Crimes, criminals not exclusive to any group, community
Emeritus Professor Tan Sri Dato' Dzulkifli Abdul Razak
Opinion - New Straits Times
December 24 , 2020
Recently, I received a commentary by an anonymous writer expressing disappointment over what the Malay-Muslims have become, purportedly bringing "the country to its knees".
The reference seems to be directed to those who have been caught red-handed in crimes bringing untold shame to the community. However, it is not always as clear-cut as presented, not without prejudices. Refer to the universal rule of thumb: one is considered innocent until proven guilty.
One needs to exercise caution so as not to throw the baby out with the bath water. Or as Malay wisdom has it: Jangan kerana marahkan nyamuk, kelambu dibakar! Yes, the Malays can be wise, too. The Malay heritage holds troves of wisdom if only we care to reach out.
There are also many wise Malay-Muslims amid the metaphorical irritating mosquitoes. In fact, we just mourned the passing of two who had shown immense wisdom.
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One was a scholastic giant and public intellectual. Another was the nation's mother figure married to the best prime minister the country has seen. Both need no introduction because of their status as role models and inspirations.
Indeed, they were leaders of the community for the more discerning. Among the Malay-Muslims, there is no lack of intellectuals and academics who have made the country proud. The independence of this beloved country was made possible some 60 years ago by such personalities.
They were the unsung heroes who hardly made the headlines unlike the nuisance of today.
Working closely were the security forces who were almost all Malay-Muslims. They put their life on the line to protect every citizen and the sovereignty of the land, which used to be known as Persekutuan Tanah Melayu.
Again, there was practically no headline recognising who was who. Regardless, to the Malay-Muslim community, each unsung hero is regarded with immense pride until today.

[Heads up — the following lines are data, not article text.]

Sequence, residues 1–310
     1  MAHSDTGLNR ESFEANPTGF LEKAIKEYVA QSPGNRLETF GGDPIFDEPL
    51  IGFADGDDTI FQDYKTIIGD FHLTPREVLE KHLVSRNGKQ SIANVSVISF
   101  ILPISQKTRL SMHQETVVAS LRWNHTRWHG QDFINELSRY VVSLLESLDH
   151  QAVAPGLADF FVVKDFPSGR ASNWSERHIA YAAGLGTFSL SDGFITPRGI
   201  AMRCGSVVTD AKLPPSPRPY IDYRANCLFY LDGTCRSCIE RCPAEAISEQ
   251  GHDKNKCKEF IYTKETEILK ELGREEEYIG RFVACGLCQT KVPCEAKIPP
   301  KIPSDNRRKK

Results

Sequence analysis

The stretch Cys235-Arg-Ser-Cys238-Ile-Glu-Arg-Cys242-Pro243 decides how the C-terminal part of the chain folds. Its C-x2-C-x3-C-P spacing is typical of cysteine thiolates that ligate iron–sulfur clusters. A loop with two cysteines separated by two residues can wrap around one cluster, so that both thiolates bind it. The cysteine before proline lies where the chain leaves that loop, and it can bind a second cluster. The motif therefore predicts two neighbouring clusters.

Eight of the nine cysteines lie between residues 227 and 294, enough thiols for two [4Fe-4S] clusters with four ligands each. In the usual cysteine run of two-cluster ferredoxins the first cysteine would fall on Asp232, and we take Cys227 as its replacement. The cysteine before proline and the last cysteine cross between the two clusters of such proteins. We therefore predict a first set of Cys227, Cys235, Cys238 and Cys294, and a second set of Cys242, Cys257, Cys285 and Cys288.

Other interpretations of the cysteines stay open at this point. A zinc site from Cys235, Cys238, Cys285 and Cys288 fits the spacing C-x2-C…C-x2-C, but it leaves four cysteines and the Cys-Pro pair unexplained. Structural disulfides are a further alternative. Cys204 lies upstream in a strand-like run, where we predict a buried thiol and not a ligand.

Admittedly, from among them were tali-barut (read: traitors), some of whom were infamously named just like today; but their numbers do not represent nor colour the community in any way.
Thus, to generalise and admonish the majority because they prefer to keep silent is simply cruel. On the contrary, the majority have contributed, befitting another Malay adage about staying humble: diam-diam ubi berisi. And not to emulate rasmi ayam, bertelur sebiji riuh sekampung.
More numerous are the mother figures who have been nurturing the nation collectively. Again, as housewives and mothers — since the struggle for Merdeka and beyond, they worked extremely hard to protect and support the family.
Those from the rural areas and disadvantaged communities are too familiar with all these to recount them. Our mothers woke up early in the morning to prepare for the day and were the last to retire after all had settled down. This cycle goes on daily without a whine.
No wonder Muslims are always reminded that paradise lies under the feet of mothers. They taught us the decorum of living, and how to transact life with utmost dignity.
Some may fall short, but most prefer a life of moderation and humility. This is the ultimate testimony to how successful the community can be. No need to whine if a few fall through the cracks. Every community has similar stories to tell although some are more restrained than others.
Be that as it may, it does not involve only one ethnicity or religion. Most revealing is the case of 1MDB, as the "commentary" tends to focus on. Recall the ultra-illusive Jho Low, or the Goldman Sachs actors and other international personalities — including Hollywood celebrities — allegedly tainted. Similarly, for that matter, the more recent case of the Macau scams.
In short, crimes and criminals are everywhere and are not the domain of one group or community. Not even the Mafia or Yakuza — West or East. Bad apples are a fact of life, so too are good ones which are more plentiful, but somehow ignored.
What is obviously missed is that successful people prefer to focus on the positive aspects without degrading themselves.
Tepuk dada tanya selera — as the saying goes. Do not lay the blame on the whole community for one's failure in lacking the wisdom therein.
The writer, a 'New Straits Times' columnist for more than 20 years, is International Islamic University Malaysia rector
The views expressed in this article are the author's own and do not necessarily reflect those of the New Straits Times